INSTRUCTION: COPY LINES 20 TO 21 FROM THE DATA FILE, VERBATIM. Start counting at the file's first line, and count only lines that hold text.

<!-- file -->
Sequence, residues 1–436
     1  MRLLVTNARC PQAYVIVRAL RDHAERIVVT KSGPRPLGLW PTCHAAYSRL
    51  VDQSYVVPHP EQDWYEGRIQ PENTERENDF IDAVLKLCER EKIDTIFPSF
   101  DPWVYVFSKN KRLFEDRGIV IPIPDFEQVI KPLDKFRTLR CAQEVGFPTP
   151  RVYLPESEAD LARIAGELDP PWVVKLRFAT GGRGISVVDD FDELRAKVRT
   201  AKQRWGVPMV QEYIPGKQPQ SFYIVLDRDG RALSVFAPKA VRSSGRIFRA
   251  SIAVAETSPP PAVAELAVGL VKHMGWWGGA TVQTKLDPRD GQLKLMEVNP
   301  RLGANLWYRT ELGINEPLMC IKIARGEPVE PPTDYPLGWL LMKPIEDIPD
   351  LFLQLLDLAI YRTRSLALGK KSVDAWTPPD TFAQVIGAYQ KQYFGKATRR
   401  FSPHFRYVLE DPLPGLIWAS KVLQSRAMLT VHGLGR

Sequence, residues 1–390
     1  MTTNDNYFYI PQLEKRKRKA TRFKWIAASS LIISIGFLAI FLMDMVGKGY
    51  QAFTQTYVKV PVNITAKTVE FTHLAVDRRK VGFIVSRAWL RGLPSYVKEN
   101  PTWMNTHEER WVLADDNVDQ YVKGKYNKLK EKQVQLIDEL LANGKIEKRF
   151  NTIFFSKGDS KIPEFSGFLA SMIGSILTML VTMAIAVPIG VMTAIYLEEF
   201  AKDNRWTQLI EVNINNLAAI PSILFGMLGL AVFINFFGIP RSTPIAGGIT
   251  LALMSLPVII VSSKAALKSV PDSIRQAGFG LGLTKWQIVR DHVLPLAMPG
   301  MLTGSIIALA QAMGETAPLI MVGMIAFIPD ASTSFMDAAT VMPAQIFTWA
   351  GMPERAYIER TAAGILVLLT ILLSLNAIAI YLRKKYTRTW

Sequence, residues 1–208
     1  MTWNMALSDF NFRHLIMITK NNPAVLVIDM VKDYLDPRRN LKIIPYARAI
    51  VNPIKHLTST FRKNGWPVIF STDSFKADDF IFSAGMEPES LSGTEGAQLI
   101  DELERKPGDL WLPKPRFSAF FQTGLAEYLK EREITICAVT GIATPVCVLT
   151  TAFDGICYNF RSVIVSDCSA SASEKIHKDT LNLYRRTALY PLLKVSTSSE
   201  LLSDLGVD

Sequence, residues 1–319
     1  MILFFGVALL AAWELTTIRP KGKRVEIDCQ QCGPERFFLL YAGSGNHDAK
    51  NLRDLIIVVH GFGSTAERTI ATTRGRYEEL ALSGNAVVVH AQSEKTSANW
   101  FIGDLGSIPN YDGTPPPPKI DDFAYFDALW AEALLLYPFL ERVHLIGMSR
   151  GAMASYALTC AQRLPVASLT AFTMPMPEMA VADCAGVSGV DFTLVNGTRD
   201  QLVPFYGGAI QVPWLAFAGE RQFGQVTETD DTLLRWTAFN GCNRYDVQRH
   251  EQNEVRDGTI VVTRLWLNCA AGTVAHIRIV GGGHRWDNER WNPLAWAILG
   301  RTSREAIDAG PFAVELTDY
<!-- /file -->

Sequence, residues 1–208
     1  MTWNMALSDF NFRHLIMITK NNPAVLVIDM VKDYLDPRRN LKIIPYARAI